At a time when access to prompt treatment might affect survival, a study finds that African-American and Hispanic women newly diagnosed with breast cancer often face delays in care of longer than a month.
In the study appearing in the Journal of Health Care for the Poor and Underserved, researchers evaluated data from the National Cancer Database to examine the link between race and treatment delay among more than 250,000 women who were diagnosed with stage I to stage III breast cancer between 2003 and 2006.
Researchers found that 62.4% of African-American women and 59.3% of Hispanic women received a diagnosis of stage II or stage III breast cancer compared with 48.9% of Caucasian women, and past research has linked diagnosis at advanced stages to lower survival rates. Delays in treatment were apparent in the new study, as African-American and Hispanic women had higher risks of 30-, 60- and 90-day delays compared to Caucasian women.
“I was surprised at how strong the associations between race and ethnicity and the risk of 60- and 90-day delays were,” Stacey Fedewa lead author and an epidemiologist at the American Cancer Society in Atlanta, stated in a press release.
For example, the risk of a 60-day treatment delay was 76% higher among African-American patients with private insurance than that of Caucasian patients with comparable insurance. Hispanics with private insurance had a 57% higher risk of a 60-day delay compared with Caucasian patients..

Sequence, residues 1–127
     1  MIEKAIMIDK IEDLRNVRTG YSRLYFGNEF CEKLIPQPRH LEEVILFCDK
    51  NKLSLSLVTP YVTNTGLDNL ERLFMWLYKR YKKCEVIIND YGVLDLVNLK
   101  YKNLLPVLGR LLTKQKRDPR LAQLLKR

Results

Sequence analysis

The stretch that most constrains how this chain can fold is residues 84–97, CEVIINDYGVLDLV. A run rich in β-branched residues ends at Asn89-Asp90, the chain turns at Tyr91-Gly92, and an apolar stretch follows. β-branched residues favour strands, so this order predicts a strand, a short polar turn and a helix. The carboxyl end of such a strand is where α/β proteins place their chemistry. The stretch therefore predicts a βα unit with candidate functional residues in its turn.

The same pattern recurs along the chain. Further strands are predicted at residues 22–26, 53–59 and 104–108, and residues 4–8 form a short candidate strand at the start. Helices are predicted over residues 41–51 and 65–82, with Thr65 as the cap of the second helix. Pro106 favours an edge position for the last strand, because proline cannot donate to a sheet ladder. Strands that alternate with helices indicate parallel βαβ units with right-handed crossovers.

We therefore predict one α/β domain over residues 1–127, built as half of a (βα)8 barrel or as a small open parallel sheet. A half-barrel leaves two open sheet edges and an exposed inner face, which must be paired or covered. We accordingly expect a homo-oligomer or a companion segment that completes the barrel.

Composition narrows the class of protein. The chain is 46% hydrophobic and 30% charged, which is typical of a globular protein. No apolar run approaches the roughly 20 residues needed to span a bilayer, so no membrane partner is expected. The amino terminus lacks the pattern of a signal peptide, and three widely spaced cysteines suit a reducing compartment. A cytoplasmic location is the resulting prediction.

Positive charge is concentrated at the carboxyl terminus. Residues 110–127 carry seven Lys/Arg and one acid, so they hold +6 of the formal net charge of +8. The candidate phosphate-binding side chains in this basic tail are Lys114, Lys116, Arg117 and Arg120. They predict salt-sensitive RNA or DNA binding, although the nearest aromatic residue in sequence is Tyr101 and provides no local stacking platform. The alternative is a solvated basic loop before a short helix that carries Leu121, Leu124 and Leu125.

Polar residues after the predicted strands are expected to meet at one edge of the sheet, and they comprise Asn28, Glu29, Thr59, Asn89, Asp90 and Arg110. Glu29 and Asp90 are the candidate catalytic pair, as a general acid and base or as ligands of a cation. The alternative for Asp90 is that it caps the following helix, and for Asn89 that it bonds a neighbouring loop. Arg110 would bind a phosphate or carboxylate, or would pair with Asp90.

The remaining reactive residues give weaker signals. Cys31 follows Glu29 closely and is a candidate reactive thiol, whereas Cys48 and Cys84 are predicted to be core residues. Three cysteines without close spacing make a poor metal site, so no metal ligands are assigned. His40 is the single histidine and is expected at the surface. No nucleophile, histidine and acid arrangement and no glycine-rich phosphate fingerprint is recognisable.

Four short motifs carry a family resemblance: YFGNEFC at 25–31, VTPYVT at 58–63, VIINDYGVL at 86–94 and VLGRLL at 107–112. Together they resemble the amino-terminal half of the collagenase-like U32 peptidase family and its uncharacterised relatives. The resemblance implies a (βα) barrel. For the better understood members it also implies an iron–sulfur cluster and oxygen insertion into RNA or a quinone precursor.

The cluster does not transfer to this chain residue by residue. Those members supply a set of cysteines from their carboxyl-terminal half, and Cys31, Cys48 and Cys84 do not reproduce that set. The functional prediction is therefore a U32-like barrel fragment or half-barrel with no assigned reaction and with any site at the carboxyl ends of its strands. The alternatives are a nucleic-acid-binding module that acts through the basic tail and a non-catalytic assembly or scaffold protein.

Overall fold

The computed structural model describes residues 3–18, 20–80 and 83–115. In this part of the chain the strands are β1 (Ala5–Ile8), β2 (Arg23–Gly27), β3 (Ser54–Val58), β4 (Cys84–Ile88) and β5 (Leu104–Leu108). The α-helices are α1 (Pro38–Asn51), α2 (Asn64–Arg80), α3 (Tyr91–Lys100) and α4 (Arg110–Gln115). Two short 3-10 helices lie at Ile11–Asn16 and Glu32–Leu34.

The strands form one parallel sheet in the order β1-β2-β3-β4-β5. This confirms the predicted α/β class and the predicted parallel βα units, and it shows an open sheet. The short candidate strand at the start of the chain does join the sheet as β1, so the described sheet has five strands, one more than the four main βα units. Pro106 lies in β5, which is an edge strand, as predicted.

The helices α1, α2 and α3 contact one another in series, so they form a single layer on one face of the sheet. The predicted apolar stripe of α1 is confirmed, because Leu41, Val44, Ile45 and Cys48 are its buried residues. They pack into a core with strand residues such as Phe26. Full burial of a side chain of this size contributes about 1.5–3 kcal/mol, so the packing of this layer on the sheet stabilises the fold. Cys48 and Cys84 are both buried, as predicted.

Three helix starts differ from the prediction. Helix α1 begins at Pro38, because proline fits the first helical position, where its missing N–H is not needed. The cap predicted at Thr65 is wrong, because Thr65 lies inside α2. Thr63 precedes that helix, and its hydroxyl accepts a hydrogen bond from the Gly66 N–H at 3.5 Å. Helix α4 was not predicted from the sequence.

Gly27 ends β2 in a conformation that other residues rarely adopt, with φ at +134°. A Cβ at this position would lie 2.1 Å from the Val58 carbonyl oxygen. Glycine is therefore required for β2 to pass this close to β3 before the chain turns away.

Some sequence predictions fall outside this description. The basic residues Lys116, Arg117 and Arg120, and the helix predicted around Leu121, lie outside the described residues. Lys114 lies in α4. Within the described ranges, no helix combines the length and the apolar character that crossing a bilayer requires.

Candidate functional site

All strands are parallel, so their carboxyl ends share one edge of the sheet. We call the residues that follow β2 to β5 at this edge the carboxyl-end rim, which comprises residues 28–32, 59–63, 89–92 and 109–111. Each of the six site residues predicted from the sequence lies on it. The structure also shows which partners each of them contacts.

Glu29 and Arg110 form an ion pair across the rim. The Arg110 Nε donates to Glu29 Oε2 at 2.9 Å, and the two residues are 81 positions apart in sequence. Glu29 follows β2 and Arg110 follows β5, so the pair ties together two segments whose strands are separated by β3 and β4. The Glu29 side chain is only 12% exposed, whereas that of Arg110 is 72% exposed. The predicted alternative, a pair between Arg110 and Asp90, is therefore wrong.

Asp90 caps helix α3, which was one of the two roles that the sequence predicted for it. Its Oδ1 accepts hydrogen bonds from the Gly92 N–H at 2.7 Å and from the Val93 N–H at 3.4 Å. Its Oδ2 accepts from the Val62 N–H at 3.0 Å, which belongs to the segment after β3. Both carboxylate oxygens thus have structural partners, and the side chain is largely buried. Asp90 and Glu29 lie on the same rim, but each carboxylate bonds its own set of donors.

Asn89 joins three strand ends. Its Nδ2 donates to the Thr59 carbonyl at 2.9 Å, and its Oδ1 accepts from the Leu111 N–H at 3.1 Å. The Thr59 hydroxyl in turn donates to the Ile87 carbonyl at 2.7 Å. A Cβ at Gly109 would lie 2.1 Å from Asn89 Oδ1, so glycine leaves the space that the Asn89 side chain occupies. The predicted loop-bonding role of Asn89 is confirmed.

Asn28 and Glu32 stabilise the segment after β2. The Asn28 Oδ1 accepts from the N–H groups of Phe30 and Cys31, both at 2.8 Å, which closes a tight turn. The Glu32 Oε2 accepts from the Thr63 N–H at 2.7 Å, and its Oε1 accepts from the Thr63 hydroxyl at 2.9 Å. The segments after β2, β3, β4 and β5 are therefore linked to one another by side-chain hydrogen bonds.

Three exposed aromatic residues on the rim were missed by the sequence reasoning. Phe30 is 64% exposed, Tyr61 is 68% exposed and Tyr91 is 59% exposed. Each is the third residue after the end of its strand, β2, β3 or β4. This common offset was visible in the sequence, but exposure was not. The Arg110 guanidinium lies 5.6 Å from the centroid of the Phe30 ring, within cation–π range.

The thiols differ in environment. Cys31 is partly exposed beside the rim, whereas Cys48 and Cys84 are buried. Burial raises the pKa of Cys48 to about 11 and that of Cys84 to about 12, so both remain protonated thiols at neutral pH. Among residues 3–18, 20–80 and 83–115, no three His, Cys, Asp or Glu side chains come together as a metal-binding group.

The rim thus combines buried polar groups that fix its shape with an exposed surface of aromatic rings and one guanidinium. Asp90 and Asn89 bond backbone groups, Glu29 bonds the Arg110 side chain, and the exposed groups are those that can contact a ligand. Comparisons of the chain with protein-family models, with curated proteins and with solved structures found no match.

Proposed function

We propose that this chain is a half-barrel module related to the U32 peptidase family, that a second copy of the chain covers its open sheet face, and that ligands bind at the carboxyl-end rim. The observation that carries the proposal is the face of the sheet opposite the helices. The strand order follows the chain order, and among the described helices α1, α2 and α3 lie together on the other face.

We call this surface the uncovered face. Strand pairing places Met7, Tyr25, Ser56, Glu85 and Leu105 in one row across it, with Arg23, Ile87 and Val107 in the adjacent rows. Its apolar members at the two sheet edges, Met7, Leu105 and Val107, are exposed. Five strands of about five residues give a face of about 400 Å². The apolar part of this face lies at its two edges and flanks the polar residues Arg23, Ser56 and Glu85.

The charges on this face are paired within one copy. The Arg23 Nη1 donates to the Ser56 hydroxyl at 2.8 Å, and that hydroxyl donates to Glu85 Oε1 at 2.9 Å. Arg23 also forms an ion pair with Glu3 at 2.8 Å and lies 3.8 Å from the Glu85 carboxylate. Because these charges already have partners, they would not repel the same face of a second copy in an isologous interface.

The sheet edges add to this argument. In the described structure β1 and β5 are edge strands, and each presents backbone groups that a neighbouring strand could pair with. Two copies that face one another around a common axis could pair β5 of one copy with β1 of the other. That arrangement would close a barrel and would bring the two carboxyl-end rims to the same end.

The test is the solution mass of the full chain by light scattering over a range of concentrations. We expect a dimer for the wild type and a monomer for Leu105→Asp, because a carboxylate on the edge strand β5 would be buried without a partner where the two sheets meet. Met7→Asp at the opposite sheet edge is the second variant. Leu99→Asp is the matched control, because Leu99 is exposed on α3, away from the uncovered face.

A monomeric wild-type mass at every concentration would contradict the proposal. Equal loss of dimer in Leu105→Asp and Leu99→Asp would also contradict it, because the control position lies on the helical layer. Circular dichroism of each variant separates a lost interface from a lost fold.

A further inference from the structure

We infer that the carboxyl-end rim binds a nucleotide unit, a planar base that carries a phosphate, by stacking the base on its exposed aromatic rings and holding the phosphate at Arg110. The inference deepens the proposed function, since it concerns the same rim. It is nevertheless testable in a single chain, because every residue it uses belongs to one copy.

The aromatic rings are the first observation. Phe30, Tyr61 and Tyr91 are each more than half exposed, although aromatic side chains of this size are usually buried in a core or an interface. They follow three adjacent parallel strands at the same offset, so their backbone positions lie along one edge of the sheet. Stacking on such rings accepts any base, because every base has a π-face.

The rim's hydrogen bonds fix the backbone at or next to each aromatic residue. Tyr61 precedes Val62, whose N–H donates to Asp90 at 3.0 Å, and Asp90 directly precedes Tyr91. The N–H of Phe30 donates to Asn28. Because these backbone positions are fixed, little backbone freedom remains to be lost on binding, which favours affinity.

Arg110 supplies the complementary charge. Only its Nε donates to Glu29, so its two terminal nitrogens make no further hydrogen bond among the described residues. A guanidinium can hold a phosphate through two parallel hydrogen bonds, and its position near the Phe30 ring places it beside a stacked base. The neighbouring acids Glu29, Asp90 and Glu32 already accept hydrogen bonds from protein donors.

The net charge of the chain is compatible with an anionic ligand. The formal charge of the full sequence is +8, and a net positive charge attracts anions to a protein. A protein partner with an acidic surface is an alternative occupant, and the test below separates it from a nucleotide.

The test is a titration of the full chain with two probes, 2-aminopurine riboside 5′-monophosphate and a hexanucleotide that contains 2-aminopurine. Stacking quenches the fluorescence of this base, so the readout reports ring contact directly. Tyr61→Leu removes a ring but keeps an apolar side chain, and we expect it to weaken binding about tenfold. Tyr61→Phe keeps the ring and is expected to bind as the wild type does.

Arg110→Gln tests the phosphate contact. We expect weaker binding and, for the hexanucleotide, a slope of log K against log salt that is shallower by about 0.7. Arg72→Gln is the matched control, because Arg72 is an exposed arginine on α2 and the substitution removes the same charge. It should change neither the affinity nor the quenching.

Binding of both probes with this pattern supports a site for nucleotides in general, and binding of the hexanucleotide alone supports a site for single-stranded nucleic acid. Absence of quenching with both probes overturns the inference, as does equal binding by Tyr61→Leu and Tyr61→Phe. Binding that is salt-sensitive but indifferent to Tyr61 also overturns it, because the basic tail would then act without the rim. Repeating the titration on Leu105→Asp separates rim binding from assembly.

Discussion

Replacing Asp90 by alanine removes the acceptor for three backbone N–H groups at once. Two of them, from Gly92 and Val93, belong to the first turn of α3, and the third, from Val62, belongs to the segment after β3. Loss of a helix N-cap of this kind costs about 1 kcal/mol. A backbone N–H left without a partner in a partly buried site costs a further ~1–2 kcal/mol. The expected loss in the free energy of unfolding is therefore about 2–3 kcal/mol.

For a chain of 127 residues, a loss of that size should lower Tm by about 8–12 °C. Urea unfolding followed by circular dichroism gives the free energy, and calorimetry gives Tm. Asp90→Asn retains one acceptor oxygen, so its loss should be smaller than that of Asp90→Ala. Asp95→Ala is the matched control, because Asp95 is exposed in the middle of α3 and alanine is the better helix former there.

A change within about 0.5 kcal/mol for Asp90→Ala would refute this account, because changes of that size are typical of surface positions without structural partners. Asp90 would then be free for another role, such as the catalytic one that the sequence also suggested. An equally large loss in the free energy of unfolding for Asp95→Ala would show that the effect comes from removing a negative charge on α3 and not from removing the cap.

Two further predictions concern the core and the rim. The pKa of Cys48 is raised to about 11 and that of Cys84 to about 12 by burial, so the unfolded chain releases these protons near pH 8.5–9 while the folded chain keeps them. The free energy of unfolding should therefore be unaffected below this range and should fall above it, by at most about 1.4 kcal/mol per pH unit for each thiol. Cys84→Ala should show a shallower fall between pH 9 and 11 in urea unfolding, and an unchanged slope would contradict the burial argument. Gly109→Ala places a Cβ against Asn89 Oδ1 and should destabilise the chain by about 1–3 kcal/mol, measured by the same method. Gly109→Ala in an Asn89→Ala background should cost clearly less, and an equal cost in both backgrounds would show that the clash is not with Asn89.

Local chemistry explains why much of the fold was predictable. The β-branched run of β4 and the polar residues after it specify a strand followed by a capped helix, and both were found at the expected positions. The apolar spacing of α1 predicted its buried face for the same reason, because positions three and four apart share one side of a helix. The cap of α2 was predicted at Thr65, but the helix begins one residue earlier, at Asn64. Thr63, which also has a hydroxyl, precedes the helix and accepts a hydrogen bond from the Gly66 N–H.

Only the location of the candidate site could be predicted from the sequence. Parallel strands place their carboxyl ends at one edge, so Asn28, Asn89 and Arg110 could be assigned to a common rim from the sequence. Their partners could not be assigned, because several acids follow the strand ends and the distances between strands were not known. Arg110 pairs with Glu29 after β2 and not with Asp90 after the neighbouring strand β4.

Peter Ravdin, MD, director of the Breast Health Clinic at the University of Texas Health Science Center San Antonio, stated that although the “diagnosis of breast cancer is not an absolute day-by-day emergency,” clinicians try to see that patients start therapy as quickly as possible.
“Certainly sometimes, unfortunately, access to the health care system is an issue,” Ravdin stated. “However, most women want to get a positive course of action started as soon as it is safe, and most health care teams try to see that such therapy starts as soon as all the information needed for treatment planning is available.”
The study’s more encouraging findings were that a majority – 60% – of the patients did receive prompt treatment after diagnosis — with an average time to treatment of 34 days.
“It’s a positive sign that breast cancer patients are being treated in a timely manner,” Fedewa stated. “However, more work needs to be done to determine and alleviate the patient and structural barriers preventing select subsets of breast cancer patients, particularly Hispanic and [African-American] patients, from receiving timely treatment.”